The Child Status Protection Act
On August 6, 2002, Congress passed the Child Status Protection Act ("CSPA"), Pub. Law. 107-208. The CSPA permits certain aliens to retain classification as a "child" under the INA, even if he or she has reached age 21. The CSPA applies to: (a) direct beneficiaries of family-based immigrant petitions, (b) derivative beneficiaries in family-based, employment-based, and DV categories.
The CSPA's provisions are not retroactive. The CSPA benefits only adjustment applications where the applicant aged out on or after August 6, 2002 (the "Enactment Date"). If an alien aged out prior to the Enactment Date, the petition must have been filed on or before the Enactment Date, and either:
In immediate relative cases, the age of the beneficiary on the date of filing the Form I-130 is used to determine whether the applicant qualifies as an immediate relative. For example, if on or after the Enactment Date a Form I-130 is filed for a child of a United States citizen when the child is under 21, the child will permanently qualify as a child as long as he/she does not marry.
In the case of a family-based second preference beneficiary whose parent/s naturalizes and whose petition is converted to immediate relative classification, the age on the date of naturalization will determine whether the applicant qualifies. For example, if a lawful permanent resident files a Form I-130 for a 17 year-old son and then naturalizes when the son is 20, the son will remain eligible for a visa as an IR-2, even if the son has attained the age of 22 on the date of visa application.
In the case of family-based third preference married children of United States citizens, their age on the date of termination of their marriage will determine whether the applicant qualifies. If the alien is under 21 at the time of the termination of his/her marriage, then his/her petition will convert to immediate relative. If the alien is 21 or older on the date his/her marriage is terminated, an family-based third preference will convert to family-based first preference status.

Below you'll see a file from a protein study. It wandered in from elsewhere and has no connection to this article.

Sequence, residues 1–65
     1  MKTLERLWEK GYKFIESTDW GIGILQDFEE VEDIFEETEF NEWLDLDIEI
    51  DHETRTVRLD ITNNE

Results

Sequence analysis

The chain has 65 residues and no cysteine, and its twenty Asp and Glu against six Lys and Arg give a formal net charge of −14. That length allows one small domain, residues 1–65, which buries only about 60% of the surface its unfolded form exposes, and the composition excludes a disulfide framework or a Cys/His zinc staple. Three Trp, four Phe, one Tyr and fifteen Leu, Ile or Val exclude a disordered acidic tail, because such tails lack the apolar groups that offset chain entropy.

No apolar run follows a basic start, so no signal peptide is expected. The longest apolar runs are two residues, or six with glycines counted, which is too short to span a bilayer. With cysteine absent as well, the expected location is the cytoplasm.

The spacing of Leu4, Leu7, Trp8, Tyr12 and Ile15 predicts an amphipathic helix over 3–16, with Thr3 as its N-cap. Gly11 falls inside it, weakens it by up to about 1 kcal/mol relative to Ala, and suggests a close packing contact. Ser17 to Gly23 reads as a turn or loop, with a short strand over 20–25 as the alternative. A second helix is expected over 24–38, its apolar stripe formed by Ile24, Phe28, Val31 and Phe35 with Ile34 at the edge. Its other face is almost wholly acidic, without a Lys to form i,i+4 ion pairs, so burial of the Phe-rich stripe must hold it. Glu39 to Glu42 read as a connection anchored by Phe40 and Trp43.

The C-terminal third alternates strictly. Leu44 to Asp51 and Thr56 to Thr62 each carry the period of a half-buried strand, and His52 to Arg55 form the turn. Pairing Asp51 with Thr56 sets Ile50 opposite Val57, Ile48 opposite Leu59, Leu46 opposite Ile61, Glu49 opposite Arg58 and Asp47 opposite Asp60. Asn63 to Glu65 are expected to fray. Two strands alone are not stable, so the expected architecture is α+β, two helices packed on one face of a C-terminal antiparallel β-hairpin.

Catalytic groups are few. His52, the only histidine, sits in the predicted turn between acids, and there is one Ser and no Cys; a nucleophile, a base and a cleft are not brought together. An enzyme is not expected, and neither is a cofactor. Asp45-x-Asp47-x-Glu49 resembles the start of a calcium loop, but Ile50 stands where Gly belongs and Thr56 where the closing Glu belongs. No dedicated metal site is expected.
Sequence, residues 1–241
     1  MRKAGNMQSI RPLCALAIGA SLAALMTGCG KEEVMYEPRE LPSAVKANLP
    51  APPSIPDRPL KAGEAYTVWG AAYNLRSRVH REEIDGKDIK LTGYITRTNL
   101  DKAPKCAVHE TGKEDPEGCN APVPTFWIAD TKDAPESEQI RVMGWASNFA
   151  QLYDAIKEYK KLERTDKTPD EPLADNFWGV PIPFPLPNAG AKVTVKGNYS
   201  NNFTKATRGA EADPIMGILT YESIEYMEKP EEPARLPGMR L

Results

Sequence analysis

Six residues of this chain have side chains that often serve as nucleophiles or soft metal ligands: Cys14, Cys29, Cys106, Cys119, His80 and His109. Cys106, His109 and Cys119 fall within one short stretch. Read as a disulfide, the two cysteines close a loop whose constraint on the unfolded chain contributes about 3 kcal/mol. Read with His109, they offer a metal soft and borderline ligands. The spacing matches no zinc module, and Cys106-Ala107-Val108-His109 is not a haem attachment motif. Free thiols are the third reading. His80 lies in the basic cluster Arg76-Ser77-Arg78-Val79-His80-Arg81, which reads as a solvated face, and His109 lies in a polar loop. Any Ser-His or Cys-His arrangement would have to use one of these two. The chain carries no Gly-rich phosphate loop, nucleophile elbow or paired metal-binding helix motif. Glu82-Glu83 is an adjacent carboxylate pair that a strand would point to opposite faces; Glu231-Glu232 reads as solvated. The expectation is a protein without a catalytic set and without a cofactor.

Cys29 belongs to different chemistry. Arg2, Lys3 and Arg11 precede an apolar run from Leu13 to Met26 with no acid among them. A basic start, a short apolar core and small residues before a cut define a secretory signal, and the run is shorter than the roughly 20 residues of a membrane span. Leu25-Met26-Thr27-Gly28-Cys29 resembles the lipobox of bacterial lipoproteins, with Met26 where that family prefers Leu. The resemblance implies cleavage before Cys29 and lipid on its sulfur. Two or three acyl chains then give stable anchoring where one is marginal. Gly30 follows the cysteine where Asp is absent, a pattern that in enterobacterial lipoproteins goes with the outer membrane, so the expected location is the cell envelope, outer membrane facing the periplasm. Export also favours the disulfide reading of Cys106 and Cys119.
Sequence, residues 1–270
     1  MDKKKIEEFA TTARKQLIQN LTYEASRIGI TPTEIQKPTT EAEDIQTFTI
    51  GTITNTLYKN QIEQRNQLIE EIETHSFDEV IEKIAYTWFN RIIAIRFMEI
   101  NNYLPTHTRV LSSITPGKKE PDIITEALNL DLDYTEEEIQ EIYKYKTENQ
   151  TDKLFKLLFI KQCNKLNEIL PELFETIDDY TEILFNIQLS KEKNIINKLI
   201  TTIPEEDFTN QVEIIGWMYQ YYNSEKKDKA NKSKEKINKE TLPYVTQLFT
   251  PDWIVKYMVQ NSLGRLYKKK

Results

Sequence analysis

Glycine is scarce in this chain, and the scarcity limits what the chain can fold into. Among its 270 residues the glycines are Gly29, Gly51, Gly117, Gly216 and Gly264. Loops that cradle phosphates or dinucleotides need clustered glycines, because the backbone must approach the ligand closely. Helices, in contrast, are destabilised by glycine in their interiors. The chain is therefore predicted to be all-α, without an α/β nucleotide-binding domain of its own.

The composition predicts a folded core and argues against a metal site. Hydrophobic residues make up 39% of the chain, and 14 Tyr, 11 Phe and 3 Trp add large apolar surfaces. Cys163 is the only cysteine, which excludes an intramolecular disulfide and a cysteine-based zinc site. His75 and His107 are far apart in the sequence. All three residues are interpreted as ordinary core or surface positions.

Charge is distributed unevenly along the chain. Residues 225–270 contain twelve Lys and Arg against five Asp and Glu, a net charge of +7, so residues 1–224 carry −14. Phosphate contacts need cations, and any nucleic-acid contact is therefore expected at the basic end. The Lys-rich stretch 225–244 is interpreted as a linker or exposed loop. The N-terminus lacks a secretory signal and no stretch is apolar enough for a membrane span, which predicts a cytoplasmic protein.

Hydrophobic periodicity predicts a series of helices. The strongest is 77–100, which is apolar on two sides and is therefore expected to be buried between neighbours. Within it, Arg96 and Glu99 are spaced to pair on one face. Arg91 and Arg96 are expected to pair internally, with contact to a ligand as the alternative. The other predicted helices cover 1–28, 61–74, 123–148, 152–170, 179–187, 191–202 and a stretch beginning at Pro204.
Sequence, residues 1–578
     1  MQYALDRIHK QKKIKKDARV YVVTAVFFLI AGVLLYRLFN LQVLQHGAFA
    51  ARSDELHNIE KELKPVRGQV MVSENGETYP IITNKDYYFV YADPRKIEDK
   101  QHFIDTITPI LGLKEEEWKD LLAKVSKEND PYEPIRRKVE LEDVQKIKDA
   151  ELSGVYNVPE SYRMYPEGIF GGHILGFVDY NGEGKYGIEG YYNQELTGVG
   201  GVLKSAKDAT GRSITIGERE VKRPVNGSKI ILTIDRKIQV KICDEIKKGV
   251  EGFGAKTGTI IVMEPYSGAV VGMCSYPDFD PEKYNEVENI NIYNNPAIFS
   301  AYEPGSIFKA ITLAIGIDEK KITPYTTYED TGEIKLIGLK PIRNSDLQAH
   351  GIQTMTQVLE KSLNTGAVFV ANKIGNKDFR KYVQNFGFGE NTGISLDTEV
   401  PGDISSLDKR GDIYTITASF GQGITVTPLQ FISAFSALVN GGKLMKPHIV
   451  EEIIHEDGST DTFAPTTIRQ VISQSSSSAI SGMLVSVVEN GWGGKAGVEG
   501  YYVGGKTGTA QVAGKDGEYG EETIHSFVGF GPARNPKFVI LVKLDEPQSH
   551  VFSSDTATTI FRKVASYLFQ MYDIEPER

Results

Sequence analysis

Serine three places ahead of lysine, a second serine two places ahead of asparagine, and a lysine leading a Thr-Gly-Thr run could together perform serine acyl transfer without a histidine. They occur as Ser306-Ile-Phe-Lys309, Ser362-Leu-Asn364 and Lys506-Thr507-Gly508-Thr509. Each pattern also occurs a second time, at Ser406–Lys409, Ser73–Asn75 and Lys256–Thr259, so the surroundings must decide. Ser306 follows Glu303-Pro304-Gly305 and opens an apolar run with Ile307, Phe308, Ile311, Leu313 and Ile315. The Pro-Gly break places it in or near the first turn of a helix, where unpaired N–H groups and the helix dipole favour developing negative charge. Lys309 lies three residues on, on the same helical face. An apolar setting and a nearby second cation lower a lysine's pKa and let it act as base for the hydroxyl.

Preference and DV categories
Different rules apply in the case of family-based second-preference principal applicants, derivative applicants in all family-based and employment-based preference categories, and derivative beneficiaries in DV cases. These rules are described below.
The alien's age is determined by calculating his or her age as of the date a visa becomes available for the alien (or the alien's parent), minus the number of days that the petition was pending. However, only those aliens who seek to acquire the status of an alien lawfully admitted for permanent residence within one year of visa availability are eligible for relief under this section.
For the purposes of the above calculation, visa availability is defined to require both a current priority date and an approved petition. Age is determined on the date that the petition is approved if a visa number was already available in that category or, if a visa number was not available at that time, the first day of the month of the Department of State Visa Bulletin that indicates the availability of a visa number in that category. The number of days a petition has been pending is calculated from the date the petition was filed to the date the petition is adjudicated.
Because the DV process differs substantially from the preference process, treatment of DV derivatives is also different. For the purpose of calculating the period during which the "petition is pending", the period between the first day of the DV mail-in application period for the program year in which the principal alien has qualified and the date on the letter notifying the principal applicant that his/her application has been selected (congratulatory letter) is used. That period will be subtracted from the derivative alien's age on the date the visa becomes available to the principal alien. The date the visa becomes available will be the first day on which the Department determines the principal alien's selection number becomes eligible for visa processing.
- Remained pending as of the Enactment Date; or
- Been approved before the Enactment Date with an adjustment of status application filed before the Enactment Date with no final determination made prior to the Enactment Date.